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Many of us first think about the visual component of the metaverse, but sound will have just as an important part to play in creating convincing virtual worlds.

As part of our digital Into the Metaverse event, I moderated a panel with Philip Rosedale of High Fidelity and Andy Vaughan of Dolby. I was able to ask them about the part that sound technology will play in the creation of the metaverse.

Creating good sound in the metaverse will be a challenge. Every user can be in the same virtual world but use different microphones and headphones. They will also have different internet connections, which will create varying degrees of sound latency.

We will need good sound quality from everyone. Rosedale notes sound conveys emotions, even noting a Yale study that showed that people can identify emotions better with just audio than with voice and face cams. But he says that you will need high quality sound for that emotion to come through.


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“You’ve got to start with audio,” Rosedale says. “You’ve got to be able to hear the nuance in my voice.”

Mono problems

Vaughan added that we have seen something of a regress down the sound quality scale. Many mics still only record in mono sound. Bluetooth, for example, doesn’t work in in stereo if you’re using a microphone. Those devices may be good for listening to music, but they aren’t great for voice chat. Consumer choice is good, but so many people using different devices of different quality makes live sound engineering difficult.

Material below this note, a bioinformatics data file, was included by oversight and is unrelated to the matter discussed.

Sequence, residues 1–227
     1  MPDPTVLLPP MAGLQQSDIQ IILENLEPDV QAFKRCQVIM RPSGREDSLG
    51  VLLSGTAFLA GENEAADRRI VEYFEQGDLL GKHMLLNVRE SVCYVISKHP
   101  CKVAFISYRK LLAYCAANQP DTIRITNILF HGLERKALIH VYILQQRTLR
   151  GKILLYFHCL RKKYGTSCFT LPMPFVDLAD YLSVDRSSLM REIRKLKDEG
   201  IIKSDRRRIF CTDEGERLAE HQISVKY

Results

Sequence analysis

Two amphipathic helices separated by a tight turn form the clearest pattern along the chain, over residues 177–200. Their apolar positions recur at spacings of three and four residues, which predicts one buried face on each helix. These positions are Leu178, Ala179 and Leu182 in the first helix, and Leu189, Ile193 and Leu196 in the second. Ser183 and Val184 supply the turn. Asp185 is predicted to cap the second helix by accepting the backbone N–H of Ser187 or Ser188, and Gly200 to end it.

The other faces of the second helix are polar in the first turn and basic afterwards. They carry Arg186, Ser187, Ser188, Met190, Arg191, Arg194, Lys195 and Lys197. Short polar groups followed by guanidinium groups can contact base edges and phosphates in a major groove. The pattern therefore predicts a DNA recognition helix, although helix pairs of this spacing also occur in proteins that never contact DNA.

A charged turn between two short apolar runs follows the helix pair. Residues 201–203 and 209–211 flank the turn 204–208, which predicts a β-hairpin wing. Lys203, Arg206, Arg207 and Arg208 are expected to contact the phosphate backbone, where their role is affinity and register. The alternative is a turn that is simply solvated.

“It would be interesting if we could get everybody on the exact same hardware all the time,” said Vaughan. But even at Dolby, where many employees have the same work laptops, personalization leads to everyone sounding different.

“It feels like we’re pushing rope a lot of the time,” Vaughan said. “We build these technologies, and we put them out there, but it takes that OEM (original equipment manager) pull to make this stuff really shine out in the market.”

In other words, the technologies for better sound recording often do exist thanks to companies like Dolby and High Fidelity, but it is still down to hardware creators like Apple to invest in them and make them part of popular consumer products.

When we’re in the metaverse, it won’t be good enough to just hear a flat voice from a person’s avatar. We’ll need 3D audio and more to make those voices sound realistic and convey the full range of possible emotion. Without it, conversations in the metaverse will sound no less realistic than a Zoom conference.


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